31 Suggestions For What Comes Before Your Campaign Goes Live

  1. Read the rules; 25% of campaigns don’t get approved.
  2. Commit to at least 200 hours to Pre-planning; it’s a full time job to do solid preparation; anything less is just not enough. A team is 80% more effective because you have that many more contacts and personalities that connect with a wider variety of people and splitting the workload is always better!
  3. Do research; read other campaigns to learn from them. Funding someone else’s campaign gives you the experience to plan your feedback based on what you liked and didn’t in other campaigns.
  4. See which titles grab the most attention. You can test titles and ask advice beforehand. Bloggers you connect with ahead are a great professional resource. And you’re allowed to test and change during the campaign.
  5. Make sure your product is wanted by the market and will still be relevant as technology and the market progresses. An accessory or app that won’t work on a next generation model that will likely be released while you are working, (e.g. new version of a phone), will create huge challenges. There are several routes to avoid this pitfall in Phase 1 tools at Focus Product Design: www.focuspdm.com
  6. Research who your buyers are and where to find them. Search forums, blogs and ask friends where they visit online. Make a list of the active ones you want to revisit and use Similarweb to find similar sites and info about their visitors. Then use Facebook search to find more. Ask people what they want (features, color, best use of the product, favorite shopping method, is it a gift, etc.., to get them engaged in your idea early. Adapt your shop online accordingly, but make sure your supplier can meet the demand first!
  7. Contests work. Have a “name the product” or “select the colors” contest and let people vote on it. Ask if people would purchase the product. Use that email list to ask for a donation, before you launch.
  8. Create a proper email address that will live beyond the campaign, into your project’s life. People may want to find and follow you, leading to social awareness and sales. An established company is more likely to be trusted by contributors. Have a shop for pre-orders, plus a way to pay beyond 30 day delivery and updates. A reward for most campaign and site link shares does work.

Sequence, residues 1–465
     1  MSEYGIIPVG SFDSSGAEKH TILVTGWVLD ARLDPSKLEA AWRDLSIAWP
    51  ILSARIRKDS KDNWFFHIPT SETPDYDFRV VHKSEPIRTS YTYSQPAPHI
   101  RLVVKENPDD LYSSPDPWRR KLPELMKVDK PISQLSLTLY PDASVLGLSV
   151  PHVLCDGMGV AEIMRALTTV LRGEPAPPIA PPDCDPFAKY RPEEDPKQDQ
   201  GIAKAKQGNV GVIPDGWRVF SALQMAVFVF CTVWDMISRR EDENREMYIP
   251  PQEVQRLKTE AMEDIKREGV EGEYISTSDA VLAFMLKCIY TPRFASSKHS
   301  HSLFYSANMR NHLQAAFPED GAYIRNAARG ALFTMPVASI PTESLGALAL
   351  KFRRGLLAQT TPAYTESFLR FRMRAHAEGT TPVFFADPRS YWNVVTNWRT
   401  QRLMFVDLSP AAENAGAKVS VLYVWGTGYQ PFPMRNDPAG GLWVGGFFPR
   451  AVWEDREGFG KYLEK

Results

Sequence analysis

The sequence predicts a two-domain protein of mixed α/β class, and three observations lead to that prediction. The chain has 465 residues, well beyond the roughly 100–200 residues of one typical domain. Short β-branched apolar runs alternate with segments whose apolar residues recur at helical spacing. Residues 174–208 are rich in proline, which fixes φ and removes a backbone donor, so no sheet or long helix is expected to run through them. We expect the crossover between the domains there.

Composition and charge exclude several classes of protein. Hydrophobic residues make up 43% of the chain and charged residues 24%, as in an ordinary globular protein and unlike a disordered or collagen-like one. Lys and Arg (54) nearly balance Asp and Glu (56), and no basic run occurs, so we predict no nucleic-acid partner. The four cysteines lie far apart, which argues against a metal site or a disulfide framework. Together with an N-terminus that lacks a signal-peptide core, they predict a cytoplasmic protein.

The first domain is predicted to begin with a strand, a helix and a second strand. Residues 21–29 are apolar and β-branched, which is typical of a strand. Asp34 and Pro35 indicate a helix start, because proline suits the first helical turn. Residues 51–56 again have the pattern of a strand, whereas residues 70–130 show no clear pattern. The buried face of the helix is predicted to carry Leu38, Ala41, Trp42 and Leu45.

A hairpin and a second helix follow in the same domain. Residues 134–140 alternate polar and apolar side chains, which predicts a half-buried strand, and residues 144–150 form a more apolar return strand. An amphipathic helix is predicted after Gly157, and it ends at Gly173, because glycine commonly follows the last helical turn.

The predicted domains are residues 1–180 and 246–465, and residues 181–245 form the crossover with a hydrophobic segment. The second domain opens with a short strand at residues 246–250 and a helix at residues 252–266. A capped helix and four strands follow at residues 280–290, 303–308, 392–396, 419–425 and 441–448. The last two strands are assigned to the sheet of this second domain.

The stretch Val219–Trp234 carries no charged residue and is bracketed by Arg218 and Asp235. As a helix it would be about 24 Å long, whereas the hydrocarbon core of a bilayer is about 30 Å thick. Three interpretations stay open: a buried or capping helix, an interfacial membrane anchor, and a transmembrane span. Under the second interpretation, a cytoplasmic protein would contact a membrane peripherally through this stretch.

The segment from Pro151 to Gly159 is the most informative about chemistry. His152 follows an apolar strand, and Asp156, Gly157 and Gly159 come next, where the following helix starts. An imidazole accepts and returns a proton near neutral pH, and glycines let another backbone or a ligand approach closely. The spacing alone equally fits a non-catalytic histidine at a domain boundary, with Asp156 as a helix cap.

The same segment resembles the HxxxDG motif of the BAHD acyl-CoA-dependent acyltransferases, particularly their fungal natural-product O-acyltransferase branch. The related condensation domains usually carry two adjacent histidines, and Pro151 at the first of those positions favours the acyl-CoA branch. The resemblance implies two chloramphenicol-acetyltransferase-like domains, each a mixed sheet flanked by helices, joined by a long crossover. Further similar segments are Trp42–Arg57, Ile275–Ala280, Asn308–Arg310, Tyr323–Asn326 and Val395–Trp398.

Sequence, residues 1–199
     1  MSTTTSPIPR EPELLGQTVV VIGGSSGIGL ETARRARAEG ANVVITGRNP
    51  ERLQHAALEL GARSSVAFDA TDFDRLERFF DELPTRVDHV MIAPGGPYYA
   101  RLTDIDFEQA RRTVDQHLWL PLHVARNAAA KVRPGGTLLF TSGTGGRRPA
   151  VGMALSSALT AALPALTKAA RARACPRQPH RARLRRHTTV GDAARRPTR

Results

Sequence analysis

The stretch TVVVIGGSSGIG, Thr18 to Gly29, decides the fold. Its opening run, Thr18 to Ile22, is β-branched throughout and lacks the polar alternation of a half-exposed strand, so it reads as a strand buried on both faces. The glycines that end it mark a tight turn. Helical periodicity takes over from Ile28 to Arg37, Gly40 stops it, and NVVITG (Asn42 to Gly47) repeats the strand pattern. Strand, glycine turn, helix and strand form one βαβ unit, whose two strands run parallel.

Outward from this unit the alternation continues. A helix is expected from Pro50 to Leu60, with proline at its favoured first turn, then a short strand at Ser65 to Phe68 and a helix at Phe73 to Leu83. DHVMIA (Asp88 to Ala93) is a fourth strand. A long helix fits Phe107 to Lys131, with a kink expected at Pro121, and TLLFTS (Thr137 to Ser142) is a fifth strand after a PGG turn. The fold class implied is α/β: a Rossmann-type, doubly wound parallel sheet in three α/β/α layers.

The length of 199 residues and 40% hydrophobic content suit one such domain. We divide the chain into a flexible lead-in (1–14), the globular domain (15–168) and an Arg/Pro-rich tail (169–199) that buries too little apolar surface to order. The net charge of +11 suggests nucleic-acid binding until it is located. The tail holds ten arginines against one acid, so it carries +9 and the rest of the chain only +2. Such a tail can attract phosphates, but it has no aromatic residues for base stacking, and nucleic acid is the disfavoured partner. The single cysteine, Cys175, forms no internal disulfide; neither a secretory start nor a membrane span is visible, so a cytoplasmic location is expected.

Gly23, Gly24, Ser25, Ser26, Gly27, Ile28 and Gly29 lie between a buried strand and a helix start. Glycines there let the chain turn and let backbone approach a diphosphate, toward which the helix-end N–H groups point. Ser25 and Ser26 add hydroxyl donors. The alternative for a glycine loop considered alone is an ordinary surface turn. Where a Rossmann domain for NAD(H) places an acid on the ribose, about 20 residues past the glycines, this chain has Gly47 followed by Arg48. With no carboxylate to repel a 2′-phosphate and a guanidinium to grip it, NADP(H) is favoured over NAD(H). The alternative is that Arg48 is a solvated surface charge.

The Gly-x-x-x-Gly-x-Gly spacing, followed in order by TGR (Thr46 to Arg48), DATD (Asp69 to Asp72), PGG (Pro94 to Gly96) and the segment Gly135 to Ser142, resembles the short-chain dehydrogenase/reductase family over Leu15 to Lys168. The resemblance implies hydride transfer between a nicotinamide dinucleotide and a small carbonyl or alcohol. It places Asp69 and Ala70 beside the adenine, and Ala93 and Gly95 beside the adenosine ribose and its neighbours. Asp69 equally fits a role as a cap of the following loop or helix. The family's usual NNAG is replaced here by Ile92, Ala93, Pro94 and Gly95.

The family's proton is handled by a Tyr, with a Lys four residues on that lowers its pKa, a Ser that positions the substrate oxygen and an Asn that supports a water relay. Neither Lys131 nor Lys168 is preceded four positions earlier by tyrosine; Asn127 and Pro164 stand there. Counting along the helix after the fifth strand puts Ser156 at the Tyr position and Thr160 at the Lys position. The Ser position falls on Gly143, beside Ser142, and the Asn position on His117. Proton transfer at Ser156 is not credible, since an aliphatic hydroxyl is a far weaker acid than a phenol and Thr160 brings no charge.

9. Build a social network early. Be everywhere, daily. A team vs an individual is 80% more effective.
  10. Plan your crowdfunding campaign, complete with data, visuals, and schedule of updates and content of updates ready at least 30 days ahead.
  11. Make your biography personal and real, using short paragraphs. Use images/video too. People are visual and scanning a ton of projects. Be unique. Ask for the donation.
  12. Download Streak (https://www.streak.com/). It’s free software that will tell you when your emails to bloggers and media are opened and where. You’ll be able to track effectiveness of media impact.
  13. Create a press kit, ready for the first person who reaches out to find out more. Have emails to post on Facebook, messages on twitter and other social sites. Responses to radio, tv and newspapers are very different; have templates for each ready for lightning fast responses.
  14. Build social & community awareness via charities, radio, Facebook, parallel project support on social media. Comment productively on other projects, in blogs, etc… to gain a following.
  15. Campaign with partners who like your favorite charities and ask other local / similar businesses to drive donations to them. This partnering enlists exponentially more awareness to your project. Also follow products that appeal to the same niche market on Facebook, join groups with these interests, etc… They’ll spread the word of your campaign when the time comes.
  16. It’s critical to find bloggers with the audience you want to sell to. Read, follow, comment and build a relationship for months before launch. Help them with tips, suggestions, etc… Send your product/project so it arrives at least 2–3 weeks before your launch. They want first crack at the story, they want time to research, ponder and write a posting, to add into their schedule in a timely manner. They will drive the most attention to your project. Bloggers are the most important drivers to campaigns.